Spain’s plan to bring FTTH and 5G to its entire population

The Spanish government has announced further details of the plan to bring broadband at speeds of at least 100Mbps and 5G to the entire Spanish population.  The Plan for Connectivity and Digital Infrastructures and the Strategy to Promote 5G Technology, part of the government’s Spain Digital 2025 Agenda, will receive EUR 4.3 billion of public funding for expanding fiber-optic infrastructure to underserved areas and extending 5G coverage. In a short statement, the government said EUR 883 million is already in the 2021 budget, which should receive parliamentary approval in the next few weeks.

The government added that it expects operators to invest around EUR 24 billion on rolling out FTTH (Fiber To The Home) and 5G technology within the same time frame. “The goal is for everyone, irrespective of where they live, to enjoy the benefits of these advances in connectivity under a plan that is of particular relevance to rural Spain,” said government spokeswoman Maria Jesus Montero.

Spain plan

Fiber optic coverage currently stands at 46% of the Spanish population, double the European average,   84% of Spain’s population can currently access speeds of 100Mbps, a figure the government expects to increase to 91% by the end of 2021.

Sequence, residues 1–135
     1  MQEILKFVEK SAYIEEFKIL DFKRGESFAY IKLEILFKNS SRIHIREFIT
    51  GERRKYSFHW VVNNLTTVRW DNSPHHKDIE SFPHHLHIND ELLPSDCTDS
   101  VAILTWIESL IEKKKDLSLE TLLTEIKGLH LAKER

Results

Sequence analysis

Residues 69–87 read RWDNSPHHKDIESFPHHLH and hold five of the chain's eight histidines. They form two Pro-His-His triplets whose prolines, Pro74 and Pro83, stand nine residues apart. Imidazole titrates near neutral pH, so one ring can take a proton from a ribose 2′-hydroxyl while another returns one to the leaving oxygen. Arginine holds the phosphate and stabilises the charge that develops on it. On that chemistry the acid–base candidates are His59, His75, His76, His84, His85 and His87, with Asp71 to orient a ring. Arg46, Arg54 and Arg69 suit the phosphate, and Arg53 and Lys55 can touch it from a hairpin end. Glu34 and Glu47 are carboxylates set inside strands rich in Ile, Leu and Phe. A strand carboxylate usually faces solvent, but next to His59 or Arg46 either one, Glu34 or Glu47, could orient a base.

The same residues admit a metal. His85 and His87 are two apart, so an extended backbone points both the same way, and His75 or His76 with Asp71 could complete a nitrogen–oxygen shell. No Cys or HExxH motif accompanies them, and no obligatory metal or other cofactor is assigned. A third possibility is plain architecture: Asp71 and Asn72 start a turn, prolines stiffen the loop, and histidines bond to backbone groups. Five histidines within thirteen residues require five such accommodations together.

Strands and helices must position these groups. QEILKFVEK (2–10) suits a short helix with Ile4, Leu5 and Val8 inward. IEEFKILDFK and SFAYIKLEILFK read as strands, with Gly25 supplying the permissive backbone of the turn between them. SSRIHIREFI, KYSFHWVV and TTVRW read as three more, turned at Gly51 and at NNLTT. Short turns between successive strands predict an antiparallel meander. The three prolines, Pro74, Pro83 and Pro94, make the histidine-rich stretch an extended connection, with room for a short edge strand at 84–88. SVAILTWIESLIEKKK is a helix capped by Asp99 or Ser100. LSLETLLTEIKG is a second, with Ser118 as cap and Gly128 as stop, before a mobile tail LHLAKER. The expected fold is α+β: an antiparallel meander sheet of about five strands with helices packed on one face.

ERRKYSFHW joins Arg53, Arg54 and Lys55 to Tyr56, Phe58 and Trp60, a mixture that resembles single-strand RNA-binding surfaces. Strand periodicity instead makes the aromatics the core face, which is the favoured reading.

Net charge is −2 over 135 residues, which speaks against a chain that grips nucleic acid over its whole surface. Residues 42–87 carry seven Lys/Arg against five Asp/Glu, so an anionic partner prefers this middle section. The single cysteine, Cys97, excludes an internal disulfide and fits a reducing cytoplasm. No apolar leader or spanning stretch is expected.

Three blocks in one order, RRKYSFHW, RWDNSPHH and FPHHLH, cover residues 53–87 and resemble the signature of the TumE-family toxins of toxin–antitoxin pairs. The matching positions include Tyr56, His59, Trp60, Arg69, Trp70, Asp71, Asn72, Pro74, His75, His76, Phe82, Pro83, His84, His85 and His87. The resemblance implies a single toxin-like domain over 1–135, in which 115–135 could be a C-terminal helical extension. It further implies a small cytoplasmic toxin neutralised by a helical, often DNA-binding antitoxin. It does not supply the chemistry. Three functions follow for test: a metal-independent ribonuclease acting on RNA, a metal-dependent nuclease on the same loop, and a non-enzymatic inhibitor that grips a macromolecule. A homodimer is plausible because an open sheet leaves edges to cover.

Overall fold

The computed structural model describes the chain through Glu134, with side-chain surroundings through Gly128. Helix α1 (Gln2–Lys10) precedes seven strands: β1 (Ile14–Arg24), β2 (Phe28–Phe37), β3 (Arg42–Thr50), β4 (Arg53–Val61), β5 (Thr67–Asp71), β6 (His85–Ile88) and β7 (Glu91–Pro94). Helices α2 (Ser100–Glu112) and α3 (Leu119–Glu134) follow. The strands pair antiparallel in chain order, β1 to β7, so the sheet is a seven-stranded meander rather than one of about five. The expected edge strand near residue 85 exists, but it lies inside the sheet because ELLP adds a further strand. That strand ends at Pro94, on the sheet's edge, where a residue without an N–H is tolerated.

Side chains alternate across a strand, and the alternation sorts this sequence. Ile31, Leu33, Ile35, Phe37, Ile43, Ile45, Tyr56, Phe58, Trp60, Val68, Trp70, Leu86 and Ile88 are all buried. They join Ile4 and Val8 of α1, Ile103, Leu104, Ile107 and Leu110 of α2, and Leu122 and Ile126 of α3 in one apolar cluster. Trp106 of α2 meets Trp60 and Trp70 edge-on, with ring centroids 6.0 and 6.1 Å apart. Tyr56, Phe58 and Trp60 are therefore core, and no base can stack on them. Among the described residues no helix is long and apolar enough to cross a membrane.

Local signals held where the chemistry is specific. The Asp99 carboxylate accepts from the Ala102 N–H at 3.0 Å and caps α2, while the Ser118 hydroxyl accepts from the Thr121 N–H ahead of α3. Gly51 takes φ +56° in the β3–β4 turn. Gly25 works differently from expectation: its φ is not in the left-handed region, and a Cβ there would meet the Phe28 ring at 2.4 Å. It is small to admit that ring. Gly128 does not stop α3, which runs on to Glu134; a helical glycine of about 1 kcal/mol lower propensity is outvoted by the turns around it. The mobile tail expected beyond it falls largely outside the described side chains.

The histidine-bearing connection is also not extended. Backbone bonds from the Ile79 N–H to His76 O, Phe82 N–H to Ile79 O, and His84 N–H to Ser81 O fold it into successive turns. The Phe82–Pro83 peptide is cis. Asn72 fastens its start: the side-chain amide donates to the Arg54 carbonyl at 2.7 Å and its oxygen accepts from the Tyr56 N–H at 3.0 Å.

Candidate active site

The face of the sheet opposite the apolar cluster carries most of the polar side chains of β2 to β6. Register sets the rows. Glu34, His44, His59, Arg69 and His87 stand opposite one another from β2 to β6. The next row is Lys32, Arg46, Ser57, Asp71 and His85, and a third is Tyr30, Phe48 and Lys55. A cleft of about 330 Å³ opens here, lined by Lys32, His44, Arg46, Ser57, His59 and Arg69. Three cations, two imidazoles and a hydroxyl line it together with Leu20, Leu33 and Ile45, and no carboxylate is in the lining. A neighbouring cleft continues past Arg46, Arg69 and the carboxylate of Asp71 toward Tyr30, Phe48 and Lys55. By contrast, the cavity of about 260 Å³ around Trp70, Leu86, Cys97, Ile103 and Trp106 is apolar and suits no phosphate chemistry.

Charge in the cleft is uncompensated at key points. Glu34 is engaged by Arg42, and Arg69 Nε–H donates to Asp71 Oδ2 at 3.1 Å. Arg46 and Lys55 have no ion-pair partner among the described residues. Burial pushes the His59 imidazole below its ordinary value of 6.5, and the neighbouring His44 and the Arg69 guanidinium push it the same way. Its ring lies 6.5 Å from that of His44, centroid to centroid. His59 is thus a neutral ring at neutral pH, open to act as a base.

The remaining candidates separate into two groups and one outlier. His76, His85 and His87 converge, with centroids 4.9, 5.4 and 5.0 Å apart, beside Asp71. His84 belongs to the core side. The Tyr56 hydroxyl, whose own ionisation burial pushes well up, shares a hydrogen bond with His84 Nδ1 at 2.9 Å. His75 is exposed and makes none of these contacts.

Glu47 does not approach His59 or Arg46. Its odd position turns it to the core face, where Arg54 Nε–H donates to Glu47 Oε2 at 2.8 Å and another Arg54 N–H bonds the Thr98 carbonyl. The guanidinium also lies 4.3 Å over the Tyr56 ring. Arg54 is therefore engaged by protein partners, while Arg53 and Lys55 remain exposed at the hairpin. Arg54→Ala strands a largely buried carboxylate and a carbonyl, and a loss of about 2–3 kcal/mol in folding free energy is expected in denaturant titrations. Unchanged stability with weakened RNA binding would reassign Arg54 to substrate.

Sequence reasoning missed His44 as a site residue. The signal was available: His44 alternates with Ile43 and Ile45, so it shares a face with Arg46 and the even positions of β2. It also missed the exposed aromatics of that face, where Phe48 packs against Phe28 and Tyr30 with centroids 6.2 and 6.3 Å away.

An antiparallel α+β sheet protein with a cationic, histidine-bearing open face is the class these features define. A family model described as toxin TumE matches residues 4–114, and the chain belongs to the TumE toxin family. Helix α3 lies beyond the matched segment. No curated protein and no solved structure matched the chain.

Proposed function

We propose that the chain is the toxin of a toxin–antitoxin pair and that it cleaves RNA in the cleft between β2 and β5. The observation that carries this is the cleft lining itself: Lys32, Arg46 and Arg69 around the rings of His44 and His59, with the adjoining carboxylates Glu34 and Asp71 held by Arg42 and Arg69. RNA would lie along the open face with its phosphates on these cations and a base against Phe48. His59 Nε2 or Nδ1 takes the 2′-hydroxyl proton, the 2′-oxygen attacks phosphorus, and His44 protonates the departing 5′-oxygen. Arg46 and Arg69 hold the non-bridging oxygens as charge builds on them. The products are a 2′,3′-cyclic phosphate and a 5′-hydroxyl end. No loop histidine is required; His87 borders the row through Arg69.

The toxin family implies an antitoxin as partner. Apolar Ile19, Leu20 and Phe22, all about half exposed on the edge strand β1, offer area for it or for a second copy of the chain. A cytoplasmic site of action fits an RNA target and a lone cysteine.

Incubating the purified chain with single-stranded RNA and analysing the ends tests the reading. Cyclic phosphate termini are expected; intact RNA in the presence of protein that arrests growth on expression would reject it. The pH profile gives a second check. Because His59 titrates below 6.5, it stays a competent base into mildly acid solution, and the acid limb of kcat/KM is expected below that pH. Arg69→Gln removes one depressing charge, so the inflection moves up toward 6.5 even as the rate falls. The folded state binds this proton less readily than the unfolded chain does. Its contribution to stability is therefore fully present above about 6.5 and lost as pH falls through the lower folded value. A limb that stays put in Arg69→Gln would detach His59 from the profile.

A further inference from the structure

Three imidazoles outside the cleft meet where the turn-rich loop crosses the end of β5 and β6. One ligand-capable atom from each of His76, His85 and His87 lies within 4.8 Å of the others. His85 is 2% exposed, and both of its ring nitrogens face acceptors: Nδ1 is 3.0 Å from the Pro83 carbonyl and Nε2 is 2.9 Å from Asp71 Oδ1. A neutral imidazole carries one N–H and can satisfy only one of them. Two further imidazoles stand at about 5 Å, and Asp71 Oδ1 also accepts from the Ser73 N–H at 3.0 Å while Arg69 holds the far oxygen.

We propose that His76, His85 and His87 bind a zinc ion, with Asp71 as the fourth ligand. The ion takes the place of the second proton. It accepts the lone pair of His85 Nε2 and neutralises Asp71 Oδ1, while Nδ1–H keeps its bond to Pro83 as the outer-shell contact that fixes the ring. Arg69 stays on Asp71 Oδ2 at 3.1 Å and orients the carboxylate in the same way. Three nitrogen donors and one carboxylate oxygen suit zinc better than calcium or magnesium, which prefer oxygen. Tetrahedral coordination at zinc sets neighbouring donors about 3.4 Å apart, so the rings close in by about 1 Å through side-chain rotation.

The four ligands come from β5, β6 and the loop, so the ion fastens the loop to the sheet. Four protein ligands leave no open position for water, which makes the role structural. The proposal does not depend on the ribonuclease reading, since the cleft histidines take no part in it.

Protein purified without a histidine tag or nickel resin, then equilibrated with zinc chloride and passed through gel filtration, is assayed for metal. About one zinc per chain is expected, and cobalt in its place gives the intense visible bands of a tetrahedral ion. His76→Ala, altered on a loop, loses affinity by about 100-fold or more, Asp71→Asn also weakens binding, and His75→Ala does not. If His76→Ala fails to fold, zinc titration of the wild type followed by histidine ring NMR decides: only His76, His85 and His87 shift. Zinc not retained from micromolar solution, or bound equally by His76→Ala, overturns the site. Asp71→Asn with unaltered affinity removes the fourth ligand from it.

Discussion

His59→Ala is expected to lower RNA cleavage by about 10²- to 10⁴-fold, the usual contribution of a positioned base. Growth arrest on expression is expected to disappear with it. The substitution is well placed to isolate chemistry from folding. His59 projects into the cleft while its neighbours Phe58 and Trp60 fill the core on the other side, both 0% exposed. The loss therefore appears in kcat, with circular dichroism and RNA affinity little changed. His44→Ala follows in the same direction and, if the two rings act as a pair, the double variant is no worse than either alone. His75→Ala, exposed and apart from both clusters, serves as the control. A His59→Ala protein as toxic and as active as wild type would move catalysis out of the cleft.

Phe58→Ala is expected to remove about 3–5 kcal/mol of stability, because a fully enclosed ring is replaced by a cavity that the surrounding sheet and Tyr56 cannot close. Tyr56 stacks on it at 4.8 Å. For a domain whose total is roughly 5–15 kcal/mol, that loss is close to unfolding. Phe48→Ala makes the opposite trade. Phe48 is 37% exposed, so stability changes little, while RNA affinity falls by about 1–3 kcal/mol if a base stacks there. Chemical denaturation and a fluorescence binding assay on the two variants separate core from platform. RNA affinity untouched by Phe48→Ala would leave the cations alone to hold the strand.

The Plan for Connectivity and Digital Infrastructures has three main objectives:

  1. Use broadband as something to favor the territorial structuring of Spain, promoting the deployment of broadband in urban centers and depopulated areas, so that the 100% of the population of Spain have access to at least 100 Mbps speed. Currently, this speed reaches 84% ​​of the population, and by the end of 2021 it is estimated that it will reach 91% of the population. Fiber optic coverage in rural areas now reaches 46% of the population, doubling the European average and well above countries such as France (12%), Germany (6%) or the United Kingdom (6%). However, there is still a long way to go.
  2. 100% of the industrial estates in Spain have a scalable connection to at least 1 Gbps in 2025.  The plan includes all the actions to strengthen connectivity associated with business environments: industrial estates, logistics centers or business parks. The goal is for 100% of industrial estates to have a connection scalable to one gigabit per second by 2025, one of the objectives of the European strategy “the Gigabit Society.”